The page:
Use Cases

This page lists use cases for the DBpedia knowledge base together with references to ongoing work into these directions.


1. Revolutionize Wikipedia Search

Wikipedia currently only supports keyword-based search and does not allow more expressive queries like "Give me all cities in New Jersey with more than 10,000 inhabitants" or "Give me all Italian musicians from the 18th century." This lowers the overall utility of Wikipedia.

One major application domain for the DBpedia data set is to enable sophisticated queries against Wikipedia, which could revolutionize the access to this valuable knowledge source.

Here are three prototypical search interfaces using different approaches to improve Wikipedia search:

Examples of different queries that can be asked against DBpedia are found on the OnlineAccess[link4] and Datasets[link5] pages.

2. Include DBpedia Data in Your Web Page

One nice thing about Wikipedia is that is kept up-to-date by a large community. Therefore, if you need a table on your Web page with, say, German cities, African musicians, Amiga computer games from the 90s, or whatever, you could generate this table with a SPARQL query against the DBpedia endpoint, and your table will stay up-to-date as Wikipedia changes.

Such tables can be implemented either by using JavaScript on the client, or with a scripting language like PHP on the server. The second option also allows you to cache query results.

Besides tables, you can also use the text in your page to bring more data from DBpedia to your website. You can use a tool like DBpedia Spotlight[link6] to automatically create links to corresponding DBpedia resources.

3. Mobile and Geographic Applications

DBpedia contains information about geographic locations and is interlinked with other geo-related data sources such as Geonames, the US Census, EuroStat, and the CIA world fact book. The data set contains geo-coordinates for many geographic locations which enable location-based SPARQL searches.

This makes DBpedia a valuable data source for location-based applications. DBpedia contains short abstracts about places which display nicely on mobile phones and PDAs.

As current generation mobiles and PDAs start having GPS receivers, it is possible to implement nice location-based information services for them based on DBpedia data and the DBpedia SPARQL endpoint.

One example of such an application is DBpedia Mobile[link7] which demonstrates how DBpedia can be used as entry point into the geo-spacial Semantic Web.

4. Document Classification, Annotation and Social Bookmarking

Terms from DBpedia can be used to annotate Web content. Compared to other subject hierarchies, like the classic ones used within libraries, DBpedia has the advantage that each subject is backed by a rich description including abstracts in 14 languages. Another advantage compared to static hierarchies is that DBpedia evolves as Wikipedia changes.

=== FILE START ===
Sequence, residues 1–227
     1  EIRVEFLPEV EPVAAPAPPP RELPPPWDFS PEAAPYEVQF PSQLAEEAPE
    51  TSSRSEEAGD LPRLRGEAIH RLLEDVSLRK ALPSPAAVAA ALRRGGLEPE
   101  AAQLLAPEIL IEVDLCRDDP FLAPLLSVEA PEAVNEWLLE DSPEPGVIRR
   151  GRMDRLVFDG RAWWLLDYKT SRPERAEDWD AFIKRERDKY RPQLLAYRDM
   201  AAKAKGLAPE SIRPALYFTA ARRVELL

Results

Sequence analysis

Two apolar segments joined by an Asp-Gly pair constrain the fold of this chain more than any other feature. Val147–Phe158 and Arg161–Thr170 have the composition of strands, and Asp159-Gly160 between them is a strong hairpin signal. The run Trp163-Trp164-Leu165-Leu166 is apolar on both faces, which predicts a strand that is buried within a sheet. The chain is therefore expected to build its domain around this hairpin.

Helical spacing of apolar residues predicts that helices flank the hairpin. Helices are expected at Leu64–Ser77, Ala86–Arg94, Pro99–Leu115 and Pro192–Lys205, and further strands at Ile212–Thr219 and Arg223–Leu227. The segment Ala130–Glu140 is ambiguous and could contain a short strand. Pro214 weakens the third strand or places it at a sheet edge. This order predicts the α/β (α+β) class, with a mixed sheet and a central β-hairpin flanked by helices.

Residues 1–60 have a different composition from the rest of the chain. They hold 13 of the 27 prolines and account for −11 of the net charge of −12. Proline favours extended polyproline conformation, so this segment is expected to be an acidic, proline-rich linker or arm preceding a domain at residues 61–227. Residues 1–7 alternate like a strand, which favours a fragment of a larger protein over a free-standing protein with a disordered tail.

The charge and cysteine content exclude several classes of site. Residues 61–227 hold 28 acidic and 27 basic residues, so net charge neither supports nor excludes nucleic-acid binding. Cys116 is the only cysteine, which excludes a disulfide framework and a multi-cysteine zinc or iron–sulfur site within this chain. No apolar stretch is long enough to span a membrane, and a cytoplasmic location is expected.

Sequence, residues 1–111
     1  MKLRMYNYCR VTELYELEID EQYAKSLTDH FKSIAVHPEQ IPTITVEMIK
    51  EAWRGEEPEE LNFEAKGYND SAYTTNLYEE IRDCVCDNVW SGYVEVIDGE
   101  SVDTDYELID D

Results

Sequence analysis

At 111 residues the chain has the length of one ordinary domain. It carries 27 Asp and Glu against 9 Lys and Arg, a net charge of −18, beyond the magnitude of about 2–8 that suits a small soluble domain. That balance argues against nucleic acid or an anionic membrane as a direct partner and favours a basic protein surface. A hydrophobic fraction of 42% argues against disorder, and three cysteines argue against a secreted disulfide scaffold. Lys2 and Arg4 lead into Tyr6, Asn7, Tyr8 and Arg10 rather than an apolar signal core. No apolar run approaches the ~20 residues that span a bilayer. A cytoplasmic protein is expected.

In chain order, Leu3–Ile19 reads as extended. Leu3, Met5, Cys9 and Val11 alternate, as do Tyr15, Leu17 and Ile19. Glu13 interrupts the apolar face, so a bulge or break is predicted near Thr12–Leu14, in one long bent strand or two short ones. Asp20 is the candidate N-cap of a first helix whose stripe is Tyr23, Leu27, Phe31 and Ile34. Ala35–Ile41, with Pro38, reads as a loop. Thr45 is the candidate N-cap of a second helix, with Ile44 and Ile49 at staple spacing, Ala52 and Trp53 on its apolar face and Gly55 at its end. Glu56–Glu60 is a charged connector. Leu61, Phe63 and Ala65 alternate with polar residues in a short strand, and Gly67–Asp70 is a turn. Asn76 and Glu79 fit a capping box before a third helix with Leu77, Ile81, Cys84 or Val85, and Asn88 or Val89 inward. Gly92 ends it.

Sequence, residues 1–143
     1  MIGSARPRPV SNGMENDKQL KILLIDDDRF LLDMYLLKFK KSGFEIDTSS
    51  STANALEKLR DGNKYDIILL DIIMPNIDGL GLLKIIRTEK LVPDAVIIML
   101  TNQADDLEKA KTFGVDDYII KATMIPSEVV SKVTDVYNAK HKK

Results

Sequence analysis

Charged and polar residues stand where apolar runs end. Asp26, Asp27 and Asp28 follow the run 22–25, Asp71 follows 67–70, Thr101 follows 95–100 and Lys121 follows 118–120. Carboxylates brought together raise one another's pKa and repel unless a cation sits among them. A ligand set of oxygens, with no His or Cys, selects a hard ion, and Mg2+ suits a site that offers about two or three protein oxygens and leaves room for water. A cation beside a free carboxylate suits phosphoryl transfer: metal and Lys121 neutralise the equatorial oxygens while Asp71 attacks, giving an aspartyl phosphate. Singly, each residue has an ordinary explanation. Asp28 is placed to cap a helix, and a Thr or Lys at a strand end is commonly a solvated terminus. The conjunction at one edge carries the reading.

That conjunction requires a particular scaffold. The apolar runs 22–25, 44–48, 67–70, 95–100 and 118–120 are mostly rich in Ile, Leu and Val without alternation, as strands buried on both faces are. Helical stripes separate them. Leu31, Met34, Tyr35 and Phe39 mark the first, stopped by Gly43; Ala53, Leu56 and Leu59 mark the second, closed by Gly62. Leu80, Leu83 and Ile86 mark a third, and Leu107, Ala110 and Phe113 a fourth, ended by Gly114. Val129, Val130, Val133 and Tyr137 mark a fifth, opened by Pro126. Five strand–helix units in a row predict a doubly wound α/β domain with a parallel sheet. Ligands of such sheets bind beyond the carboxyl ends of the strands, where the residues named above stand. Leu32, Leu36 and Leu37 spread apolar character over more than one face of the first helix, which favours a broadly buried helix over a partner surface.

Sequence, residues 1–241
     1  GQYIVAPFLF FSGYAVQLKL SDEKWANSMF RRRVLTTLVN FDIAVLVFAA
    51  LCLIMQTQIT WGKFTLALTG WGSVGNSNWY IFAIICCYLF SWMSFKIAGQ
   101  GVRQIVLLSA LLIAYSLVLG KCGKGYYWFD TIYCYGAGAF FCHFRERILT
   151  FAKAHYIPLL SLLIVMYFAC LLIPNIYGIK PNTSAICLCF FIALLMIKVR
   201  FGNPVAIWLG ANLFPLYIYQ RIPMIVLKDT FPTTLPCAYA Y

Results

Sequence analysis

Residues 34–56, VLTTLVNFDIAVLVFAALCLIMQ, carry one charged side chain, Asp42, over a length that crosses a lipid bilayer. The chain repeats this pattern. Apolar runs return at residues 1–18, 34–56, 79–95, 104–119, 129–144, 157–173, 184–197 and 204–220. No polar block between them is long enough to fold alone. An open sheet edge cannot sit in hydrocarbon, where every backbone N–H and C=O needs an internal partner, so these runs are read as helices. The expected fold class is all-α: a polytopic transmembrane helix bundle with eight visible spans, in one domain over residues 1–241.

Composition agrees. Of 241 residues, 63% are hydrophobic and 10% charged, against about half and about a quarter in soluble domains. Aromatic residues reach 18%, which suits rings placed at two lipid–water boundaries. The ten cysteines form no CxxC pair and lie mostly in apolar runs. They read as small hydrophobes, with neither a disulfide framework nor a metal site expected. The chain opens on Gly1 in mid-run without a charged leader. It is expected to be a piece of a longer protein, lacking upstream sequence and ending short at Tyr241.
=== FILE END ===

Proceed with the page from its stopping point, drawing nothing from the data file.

One application that uses DBpedia terms for the annotation of Web content is DBpedia Spotlight[link6]. DBpedia Spotlight automatically detects mentions of DBpedia terms in textual documents, allowing you to create links from those documents to DBpedia. Another example is Faviki[link8], a social bookmarking tool which allows you to tag Web pages you want to remember with Wikipedia terms. This means that everybody uses the same names for tags from the world's largest collection of knowledge.

5. Multi-Domain Ontology

DBpedia is one of the largest multi-domain ontologies that currently exist. Compared to other ontologies which usually only cover specific domains, are created by relatively small groups of knowledge engineers, and are very cost intensive to keep up-to-date as domains change, DBpedia has several advantages:

Disadvantages of DBpedia, compared to hand-crafted ontologies like SUMO, OpenCyc, or Wordnet, include:

One approach to combine the advantages of both worlds is to interlink DBpedia with hand-crafted ontologies such as OpenCyc, SUMO, or WordNet, which enables applications to use the formal knowledge from these ontologies together with the instance data from DBpedia.

DBpedia already contains

Interlinking DBpedia with these ontologies could further extend query capabilities. For instance, knowing that "cities are geographic places" and "mountains are geographic places", a query engine could return cities as well as mountains for a query about geographic places.

6. Nucleus for the Web of Data

The Web is currently changing from a medium to publish and share text documents into a medium to publish and share data.
This transition is facilitated by ideas from the Semantic Web[link13] community and initiatives like the W3C Linking Open Data[link14] project.

The DBpedia data set is served as Linked Data ([1[link15]], [2[link16]]) which allows the data set to be interlinked with other data sets and ontologies.

As DBpedia covers many domains and provides data-backed identifiers for 3.64 million concepts, it is developing into an interlinking-hub for other data sets.

Please see Interlinking[link17] for an overview about the data sets that are currently interlinked with DBpedia and W3C Linking Open Data[link14] for a list of other data sets and ontologies that are published on the Web as Linked Data.

7. Support Wikipedia Authors with Editing Suggestions

One strength of Wikipedia, and a central factor for its growth, is that it does not restrict contributors. On the other hand, this leads to many inconsistencies within Wikipedia, especially between the 251 different language versions.

Extracting structured data from all 251 versions of DBpedia and interlinking this data with background knowledge from ontologies like OpenCyc, SUMO, or WordNet, allows different types of consistency checks. For instance:

One promising direction for future work is to use DBpedia knowledge for consistency checks and to develop tools that support Wikipedia authors by offering editing/correction suggestions.